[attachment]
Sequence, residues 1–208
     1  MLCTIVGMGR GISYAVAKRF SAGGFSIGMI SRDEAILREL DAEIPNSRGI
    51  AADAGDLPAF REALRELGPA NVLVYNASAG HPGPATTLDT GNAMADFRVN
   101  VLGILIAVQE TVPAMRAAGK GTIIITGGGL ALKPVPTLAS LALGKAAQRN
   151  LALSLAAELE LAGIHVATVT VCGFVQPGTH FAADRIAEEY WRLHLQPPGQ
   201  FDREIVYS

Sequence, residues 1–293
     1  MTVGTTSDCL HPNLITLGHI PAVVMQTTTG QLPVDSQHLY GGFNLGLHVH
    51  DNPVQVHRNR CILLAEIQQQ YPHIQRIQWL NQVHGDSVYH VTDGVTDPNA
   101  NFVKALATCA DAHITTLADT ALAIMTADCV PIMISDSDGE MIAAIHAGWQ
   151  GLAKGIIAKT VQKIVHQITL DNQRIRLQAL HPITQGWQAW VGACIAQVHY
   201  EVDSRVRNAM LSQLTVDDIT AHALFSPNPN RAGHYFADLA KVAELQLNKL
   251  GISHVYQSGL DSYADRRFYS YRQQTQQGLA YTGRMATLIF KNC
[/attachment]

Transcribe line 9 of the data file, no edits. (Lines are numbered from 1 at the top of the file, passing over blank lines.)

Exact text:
    51  DNPVQVHRNR CILLAEIQQQ YPHIQRIQWL NQVHGDSVYH VTDGVTDPNA